The spirituality of Africa is at the heart of Kemetic Yoga. The rhythm of the drum is the same as the cadence of our breathing technique called Rule of Four Breathing. Our movements and postures are geometric and reflect the ancient African principles of Sacred Geometry and the Golden Ratio.
The philosophy behind our spiritual science is that of Ma'at and the Seven Principles of Thoth which seeks to manifest harmony in all things and apply universal law to perception, thought, behavior and creativity. In Kemetic Yoga we acknowledge the existence of the ancestors and seek to honor them, communicate with them, seek their guidance and receive their blessings.
In Kemetic Yoga we recognize the power of the spirit forces that govern the workings of the universe and understand them from the perspective of spiritual science. We recognize that the foundation of the ALL is SPIRIT and that there exists an observable order to nature that is both consistent and able to respond to the power of consciousness. From this perspective we are able to create reality and manifest all that sustains life.
Kemetic Yoga is the totality of existing and not simply placing the body in various physical postures. In fact the purpose of postures and movements is to circulate life force, harmonize with ancestral energy and enhance the process of manifestation and the creation of one's own reality and spiritual prosperity.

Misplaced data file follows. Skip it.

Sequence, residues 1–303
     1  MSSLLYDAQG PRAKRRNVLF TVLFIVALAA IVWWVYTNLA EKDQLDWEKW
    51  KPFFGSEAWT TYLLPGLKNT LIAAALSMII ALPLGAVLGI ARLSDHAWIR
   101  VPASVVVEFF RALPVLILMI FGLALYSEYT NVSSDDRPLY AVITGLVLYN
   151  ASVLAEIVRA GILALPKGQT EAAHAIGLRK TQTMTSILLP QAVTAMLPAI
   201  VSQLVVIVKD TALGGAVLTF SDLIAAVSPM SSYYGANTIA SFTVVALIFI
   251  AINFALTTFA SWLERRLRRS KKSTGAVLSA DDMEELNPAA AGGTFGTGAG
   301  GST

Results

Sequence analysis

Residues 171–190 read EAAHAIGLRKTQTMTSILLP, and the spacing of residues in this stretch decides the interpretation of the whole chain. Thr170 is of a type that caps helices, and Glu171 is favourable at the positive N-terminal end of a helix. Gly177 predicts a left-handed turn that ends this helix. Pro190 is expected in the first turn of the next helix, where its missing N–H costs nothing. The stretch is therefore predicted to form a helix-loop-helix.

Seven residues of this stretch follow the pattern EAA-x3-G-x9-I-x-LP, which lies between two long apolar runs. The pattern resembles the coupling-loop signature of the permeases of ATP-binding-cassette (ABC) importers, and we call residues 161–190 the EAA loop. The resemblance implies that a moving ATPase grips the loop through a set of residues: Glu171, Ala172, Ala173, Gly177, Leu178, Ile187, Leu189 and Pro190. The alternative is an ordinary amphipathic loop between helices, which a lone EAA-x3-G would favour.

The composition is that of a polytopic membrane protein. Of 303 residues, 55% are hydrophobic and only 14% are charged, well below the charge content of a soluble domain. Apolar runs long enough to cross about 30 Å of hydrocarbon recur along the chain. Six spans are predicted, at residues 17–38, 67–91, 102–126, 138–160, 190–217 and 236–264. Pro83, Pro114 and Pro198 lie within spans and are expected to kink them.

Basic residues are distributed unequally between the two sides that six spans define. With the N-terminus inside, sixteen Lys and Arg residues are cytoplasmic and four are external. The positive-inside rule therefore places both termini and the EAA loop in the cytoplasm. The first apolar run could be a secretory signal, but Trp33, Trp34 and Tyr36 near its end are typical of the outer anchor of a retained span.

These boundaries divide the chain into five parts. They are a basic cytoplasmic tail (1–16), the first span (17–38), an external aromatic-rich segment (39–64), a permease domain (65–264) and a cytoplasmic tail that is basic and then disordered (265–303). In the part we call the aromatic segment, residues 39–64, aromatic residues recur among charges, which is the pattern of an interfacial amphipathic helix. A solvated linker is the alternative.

Hatha Yoga is the physical practice of yoga. The asana practice of hatha yoga symbolizes the connection of the sun and the moon, bringing the world and the physical body into balance. Hatha also means “to strike,” meaning to strike the body with the challenge of the postures and to “yoke” (the meaning of yoga) the mind into singular focus. Most styles of yoga in the United States are based in Hatha with different philosophies, practices, and terminology that allow yoga to fit the individual practitioner. Its traditional source in relation to the postures is the Hatha Yoga Pradipika.
There are many styles or schools of Hatha Yoga:
Ashtanga Vinyasa Yoga is a fast-paced, flowing series of sequential postures as prescribed by yoga master K. Pattabhi Jois, who was an early student of Krishnamacharya’s. There are six series of asanas that increase in difficulty, allowing students to work at their own pace. Asanas are connected by the breath and are linked with sun salutations. Most classes taught in the United States focus on the Primary Series.
Iyengar Yoga was developed in Pune, India by BKS Iyengar, one of the most influential yogis of his time. Iyengar was a student of Krishnamacharya’s and took what he learned to cure himself of disease through asana and pranayama. In the Iyengar method, special attention is paid to precise muscular and skeletal alignment. Poses (especially standing postures) are typically held much longer than in other schools of yoga to allow for adjustments to be made. The Iyengar system also uses props, such as belts, chairs, blocks, and blankets, to help accommodate any special needs such as injuries or structural imbalances.